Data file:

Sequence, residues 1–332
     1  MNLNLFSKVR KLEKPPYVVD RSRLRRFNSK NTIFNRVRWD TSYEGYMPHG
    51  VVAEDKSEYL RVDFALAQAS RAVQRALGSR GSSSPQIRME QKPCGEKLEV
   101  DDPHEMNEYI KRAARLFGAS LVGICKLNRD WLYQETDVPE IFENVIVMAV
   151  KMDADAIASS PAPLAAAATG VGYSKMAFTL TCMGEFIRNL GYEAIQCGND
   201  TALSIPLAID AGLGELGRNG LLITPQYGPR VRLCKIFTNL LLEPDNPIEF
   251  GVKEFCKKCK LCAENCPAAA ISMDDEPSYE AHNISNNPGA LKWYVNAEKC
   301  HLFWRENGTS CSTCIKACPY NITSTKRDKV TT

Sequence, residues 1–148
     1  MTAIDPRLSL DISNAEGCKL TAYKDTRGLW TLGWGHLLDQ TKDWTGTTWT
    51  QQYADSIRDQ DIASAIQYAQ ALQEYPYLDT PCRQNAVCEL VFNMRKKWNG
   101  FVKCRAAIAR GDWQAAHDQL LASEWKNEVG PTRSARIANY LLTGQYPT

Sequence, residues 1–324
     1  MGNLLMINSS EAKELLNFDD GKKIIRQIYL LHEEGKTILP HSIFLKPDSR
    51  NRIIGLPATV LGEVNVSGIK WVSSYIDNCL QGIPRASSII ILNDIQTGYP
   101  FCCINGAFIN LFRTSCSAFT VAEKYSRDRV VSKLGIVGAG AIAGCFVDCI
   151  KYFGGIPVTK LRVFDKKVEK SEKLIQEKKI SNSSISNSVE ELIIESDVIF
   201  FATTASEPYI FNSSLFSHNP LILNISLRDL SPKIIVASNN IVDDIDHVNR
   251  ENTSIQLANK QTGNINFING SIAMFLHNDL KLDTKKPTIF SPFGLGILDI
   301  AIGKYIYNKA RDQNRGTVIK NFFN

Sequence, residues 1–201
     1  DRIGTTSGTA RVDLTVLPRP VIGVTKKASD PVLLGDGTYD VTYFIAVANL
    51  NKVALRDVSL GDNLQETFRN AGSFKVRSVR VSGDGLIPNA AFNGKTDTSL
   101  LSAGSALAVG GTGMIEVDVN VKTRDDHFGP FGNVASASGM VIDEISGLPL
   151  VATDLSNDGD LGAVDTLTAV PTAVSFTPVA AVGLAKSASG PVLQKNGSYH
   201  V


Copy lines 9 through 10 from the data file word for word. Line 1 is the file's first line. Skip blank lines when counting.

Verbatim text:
Sequence, residues 1–148
     1  MTAIDPRLSL DISNAEGCKL TAYKDTRGLW TLGWGHLLDQ TKDWTGTTWT